Chris Webb's BI Blog

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My first Analysis Services stored procedure

with 6 comments

Several people have asked me about Analysis Services stored procedures recently and somewhat shamefully I’ve had to admit to them that I hadn’t actually done anything with them yet. So this week I’ve vowed to dust off my C# (I can’t believe how much I’ve forgotten), write some stored procs and post the code here. I’ve got some ideas on where they can be useful and hopefully I’ll be able to implement what I need.
 
The first problem I tried to solve was this: how do you return the name of the currentmember on all dimensions in your cube in a query? I did a series of postings on this last year and although it’s possible to do in pure MDX it isn’t elegant:
In AS2005 where the currentmember on one attribute hierarchy can change depending on the currentmember on another on the same dimension, knowing what the currentmember is on all your hierarchies can be useful for debugging. Luckily, it’s extremely easy to create a stored procedure to return this information. Here are the steps:
 
1) Create a new .NET dll project, making sure the resulting assembly is called FindCurrentMember.
2) Add a reference to Microsoft.AnalysisServices.AdomdServer
3) Copy the following code into your project:

using System;

using

System.Collections.Generic;

using

System.Text;

using Microsoft.AnalysisServices.AdomdServer;

namespace

MDXDebuggingUtilities

{

public class MDXDebuggingUtilities

{

public static string FindCurrentMember()

{

string output="";

foreach(Dimension d in Context.CurrentCube.Dimensions)

{

foreach (Hierarchy h in d.AttributeHierarchies)

{

output +=

"Dimension: " + d.Caption + " Hierarchy: " + h.Caption + " CurrentMember: " + h.CurrentMember.Caption + " *** ";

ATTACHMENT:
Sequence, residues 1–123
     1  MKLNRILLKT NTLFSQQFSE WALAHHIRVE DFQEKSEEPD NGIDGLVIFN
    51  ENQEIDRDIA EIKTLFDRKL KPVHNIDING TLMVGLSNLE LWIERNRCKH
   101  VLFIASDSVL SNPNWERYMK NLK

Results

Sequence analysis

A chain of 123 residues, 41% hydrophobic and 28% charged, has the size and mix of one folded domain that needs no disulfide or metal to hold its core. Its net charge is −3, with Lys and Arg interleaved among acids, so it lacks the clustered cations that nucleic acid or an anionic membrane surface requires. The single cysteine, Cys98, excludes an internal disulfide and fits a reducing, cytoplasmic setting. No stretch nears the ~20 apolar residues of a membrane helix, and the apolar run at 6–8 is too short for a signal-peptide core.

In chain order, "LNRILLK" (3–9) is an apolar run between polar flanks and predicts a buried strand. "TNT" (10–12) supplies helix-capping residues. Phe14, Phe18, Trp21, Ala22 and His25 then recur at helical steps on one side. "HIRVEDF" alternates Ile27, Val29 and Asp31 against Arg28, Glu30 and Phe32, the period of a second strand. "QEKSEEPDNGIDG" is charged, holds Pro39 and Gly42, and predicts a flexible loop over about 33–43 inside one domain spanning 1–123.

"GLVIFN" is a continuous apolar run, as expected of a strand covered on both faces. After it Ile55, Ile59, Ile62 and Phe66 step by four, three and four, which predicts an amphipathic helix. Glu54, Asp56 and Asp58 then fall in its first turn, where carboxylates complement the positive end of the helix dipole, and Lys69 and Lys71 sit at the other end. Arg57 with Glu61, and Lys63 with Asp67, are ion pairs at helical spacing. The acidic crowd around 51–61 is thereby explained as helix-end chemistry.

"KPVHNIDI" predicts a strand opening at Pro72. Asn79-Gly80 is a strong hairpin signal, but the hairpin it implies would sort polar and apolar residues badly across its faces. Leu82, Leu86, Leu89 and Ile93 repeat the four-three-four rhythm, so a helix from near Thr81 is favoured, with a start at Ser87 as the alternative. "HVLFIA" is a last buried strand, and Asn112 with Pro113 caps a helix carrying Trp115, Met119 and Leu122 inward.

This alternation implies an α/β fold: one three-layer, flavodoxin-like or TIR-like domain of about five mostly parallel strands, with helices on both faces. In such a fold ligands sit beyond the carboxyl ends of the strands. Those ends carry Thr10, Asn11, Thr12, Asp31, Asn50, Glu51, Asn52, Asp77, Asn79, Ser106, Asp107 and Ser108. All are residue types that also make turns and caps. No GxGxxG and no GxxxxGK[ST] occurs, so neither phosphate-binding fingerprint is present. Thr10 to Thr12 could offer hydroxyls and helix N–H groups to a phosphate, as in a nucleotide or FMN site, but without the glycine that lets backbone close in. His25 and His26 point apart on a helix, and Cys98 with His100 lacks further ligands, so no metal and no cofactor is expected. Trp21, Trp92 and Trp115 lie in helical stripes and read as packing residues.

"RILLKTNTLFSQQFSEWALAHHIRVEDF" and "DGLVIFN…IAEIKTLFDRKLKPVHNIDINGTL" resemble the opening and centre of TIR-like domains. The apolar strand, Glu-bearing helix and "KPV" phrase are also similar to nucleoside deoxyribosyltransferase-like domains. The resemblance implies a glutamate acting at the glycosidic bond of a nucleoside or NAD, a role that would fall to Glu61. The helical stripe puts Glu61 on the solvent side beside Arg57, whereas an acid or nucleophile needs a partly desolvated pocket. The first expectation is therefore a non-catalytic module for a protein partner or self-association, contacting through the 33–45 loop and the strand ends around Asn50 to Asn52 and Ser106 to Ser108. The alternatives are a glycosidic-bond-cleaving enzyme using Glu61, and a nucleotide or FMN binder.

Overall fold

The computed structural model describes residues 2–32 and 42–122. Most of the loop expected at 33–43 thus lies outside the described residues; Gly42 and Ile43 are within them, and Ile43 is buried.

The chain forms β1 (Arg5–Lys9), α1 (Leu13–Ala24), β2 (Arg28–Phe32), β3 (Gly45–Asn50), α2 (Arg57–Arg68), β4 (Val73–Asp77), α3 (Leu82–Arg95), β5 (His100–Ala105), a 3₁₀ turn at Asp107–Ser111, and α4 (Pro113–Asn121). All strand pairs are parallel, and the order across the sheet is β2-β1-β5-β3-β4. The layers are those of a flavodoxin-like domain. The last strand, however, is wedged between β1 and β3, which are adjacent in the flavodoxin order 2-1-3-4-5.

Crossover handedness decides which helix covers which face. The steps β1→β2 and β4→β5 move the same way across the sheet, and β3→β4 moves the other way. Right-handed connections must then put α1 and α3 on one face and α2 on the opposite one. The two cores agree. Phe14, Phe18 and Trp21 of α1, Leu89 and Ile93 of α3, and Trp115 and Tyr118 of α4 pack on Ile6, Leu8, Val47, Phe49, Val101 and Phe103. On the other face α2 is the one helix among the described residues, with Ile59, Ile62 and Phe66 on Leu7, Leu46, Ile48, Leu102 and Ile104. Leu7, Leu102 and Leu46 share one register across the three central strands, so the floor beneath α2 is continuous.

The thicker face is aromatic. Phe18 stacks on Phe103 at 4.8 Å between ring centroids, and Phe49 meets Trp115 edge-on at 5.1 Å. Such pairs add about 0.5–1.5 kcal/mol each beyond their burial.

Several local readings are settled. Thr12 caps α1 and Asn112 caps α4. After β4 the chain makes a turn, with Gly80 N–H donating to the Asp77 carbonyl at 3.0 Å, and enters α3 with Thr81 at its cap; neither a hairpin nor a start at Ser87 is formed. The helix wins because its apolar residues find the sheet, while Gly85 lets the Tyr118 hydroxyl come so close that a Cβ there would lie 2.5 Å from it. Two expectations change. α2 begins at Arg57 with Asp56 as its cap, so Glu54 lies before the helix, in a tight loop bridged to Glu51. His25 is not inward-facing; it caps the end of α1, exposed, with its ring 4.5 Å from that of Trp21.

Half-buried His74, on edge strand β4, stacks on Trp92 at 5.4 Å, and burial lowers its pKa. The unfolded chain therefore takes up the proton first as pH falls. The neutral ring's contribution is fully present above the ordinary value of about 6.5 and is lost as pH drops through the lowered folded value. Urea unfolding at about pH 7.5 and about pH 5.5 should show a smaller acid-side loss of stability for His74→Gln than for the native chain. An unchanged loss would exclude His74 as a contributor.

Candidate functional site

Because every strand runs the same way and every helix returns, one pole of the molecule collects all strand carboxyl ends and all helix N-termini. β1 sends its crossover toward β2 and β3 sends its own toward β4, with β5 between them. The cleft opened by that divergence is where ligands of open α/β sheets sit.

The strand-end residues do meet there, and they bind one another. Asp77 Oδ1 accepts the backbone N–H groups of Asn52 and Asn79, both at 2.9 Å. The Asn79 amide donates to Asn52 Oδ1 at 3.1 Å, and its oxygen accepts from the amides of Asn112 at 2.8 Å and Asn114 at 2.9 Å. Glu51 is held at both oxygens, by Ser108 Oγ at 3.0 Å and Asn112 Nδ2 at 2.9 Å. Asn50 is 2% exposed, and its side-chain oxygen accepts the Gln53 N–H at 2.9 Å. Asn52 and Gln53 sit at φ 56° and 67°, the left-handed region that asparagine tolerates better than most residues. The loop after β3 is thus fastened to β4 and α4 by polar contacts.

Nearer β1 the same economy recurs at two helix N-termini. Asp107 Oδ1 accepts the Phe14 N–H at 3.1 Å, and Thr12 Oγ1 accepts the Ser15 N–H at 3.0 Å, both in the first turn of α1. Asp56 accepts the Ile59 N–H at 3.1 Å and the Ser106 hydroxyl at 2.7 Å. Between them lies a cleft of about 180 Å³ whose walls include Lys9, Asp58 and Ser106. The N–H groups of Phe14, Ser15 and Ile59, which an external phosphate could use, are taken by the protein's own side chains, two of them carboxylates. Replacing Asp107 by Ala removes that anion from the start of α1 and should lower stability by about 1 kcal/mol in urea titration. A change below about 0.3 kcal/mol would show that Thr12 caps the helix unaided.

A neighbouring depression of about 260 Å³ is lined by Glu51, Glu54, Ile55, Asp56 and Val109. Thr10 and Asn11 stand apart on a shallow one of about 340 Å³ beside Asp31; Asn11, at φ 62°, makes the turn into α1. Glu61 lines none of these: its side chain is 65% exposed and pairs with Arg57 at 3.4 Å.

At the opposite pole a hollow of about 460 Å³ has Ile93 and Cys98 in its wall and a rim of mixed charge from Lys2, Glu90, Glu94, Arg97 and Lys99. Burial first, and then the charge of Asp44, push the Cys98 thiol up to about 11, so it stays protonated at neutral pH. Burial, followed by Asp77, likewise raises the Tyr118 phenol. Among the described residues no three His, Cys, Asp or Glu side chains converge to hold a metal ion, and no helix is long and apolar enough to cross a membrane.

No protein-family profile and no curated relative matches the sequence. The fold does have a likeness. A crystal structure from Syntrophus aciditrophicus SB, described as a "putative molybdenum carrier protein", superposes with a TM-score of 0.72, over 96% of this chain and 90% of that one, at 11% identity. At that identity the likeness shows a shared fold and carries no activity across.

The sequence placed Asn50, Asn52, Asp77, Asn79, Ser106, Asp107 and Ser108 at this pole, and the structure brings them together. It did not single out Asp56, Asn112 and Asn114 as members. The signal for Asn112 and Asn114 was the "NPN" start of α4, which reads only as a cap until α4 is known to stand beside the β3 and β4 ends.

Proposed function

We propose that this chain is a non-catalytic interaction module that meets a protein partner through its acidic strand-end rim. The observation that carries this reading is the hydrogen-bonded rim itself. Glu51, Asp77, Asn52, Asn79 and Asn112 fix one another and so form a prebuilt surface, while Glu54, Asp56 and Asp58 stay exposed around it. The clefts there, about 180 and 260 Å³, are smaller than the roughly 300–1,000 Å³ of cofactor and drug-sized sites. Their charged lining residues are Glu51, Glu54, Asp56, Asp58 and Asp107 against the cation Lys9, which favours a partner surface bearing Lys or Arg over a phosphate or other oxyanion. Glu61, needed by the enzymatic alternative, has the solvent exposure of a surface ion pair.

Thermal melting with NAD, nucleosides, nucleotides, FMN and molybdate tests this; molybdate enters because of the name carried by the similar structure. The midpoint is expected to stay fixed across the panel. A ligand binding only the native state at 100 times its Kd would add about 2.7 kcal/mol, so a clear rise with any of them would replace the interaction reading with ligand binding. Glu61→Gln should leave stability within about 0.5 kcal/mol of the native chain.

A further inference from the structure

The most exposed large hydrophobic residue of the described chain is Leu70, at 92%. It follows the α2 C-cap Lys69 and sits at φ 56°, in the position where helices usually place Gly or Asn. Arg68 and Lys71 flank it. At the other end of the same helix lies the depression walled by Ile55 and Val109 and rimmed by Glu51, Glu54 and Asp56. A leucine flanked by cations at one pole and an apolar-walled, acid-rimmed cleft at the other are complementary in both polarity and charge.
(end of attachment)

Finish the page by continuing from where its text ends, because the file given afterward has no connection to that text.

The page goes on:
}

}

return output;

}

}

}

 

4) Build the dll
5) Go to SQL Management Studio, connect to your server, expand a database (we’ll use Adventure Works DW here) and right click on Assemblies
6) Select ‘New Assembly…’  and add ‘FindCurrentMember.dll’
7) Run the following query to check it’s working – beware that because Adventure Works is a pretty complex cube there are an awful lot of currentmembers to look at! It might be easier to double-click on the cell you want to look at so that the Properties window appears, click copy and then paste everything into notepad so you can look at the values.
 

WITH

MEMBER MEASURES.TEST AS

FINDCURRENTMEMBER.FINDCURRENTMEMBER()

SELECT

MEASURES.TEST ON 0,

[Customer].[Customer Geography].[Postal Code].&[2450]&[Coffs Harbour].

CHILDREN

ON 1

FROM

[Adventure Works]

 
Obviously there are a lot of improvements/optimisations to be made in this stored proc (for example, it would be good to be able to specify just one dimension to look at the currentmembers on) but I thought I’d post it up as a simple example of using Context and the Dimension and Hierarchy objects anyway.
 
 

Written by Chris Webb

March 13, 2006 at 1:32 pm

Posted in MDX

6 Responses

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  1. No, there\’s no particular reason why I added it specifically to Adventure Works. You\’re right, if it was being used as a general debugging tool then it would make more send to add it to the server assemblies.

    Chris

    March 14, 2006 at 12:29 pm

  2. Hi Chris
     
    Just wanted to point out, that step 5 is somewhat abnormal here. Usually, you manage your whole project in single place, therefore you would add assembly in BI Dev Studio, not in SQL Management Studio, since otherwise next time you update your project it will disappear.
    And probably it will be easier to call this proc from HTML action, and build a nice HTML inside, such that one won\’t need to scroll the enormious string.
     
    Mosha.

    Mosha

    March 14, 2006 at 3:21 pm

  3. Thanks Mosha, just goes to prove how little work I\’ve done with stored procedures!

    Chris

    March 14, 2006 at 3:38 pm

  4. Hi chris,
    This is very good information. Where would be a good place to look for begining MDX, I am a beginner with respect to MDX. I would like to learn about using MDX on Analysis Services Cubes. 

    Ramdas

    March 20, 2006 at 2:45 pm

  5. Check out my book list – most general Analysis Services books contain a chapter on MDX, although "Fast Track" (AS2K only) and "MDX Solutions" are the only dedicated MDX books:

    http://spaces.msn.com/cwebbbi/Blog/cns!1pi7ETChsJ1un_2s41jm9Iyg!322.entry

    Bill Pearson has also written a very good series of articles on MDX available here:

    http://www.databasejournal.com/article.php/1459531

    Chris

    March 20, 2006 at 9:56 pm

  6. […] of the leading SSAS cube gurus, said he was late to the game back in 2006, in a blog post titled “My First Analysis Services Stored Procedure.” How’s this for late in the game: I wasn’t even aware that CLR stored procedures could be […]


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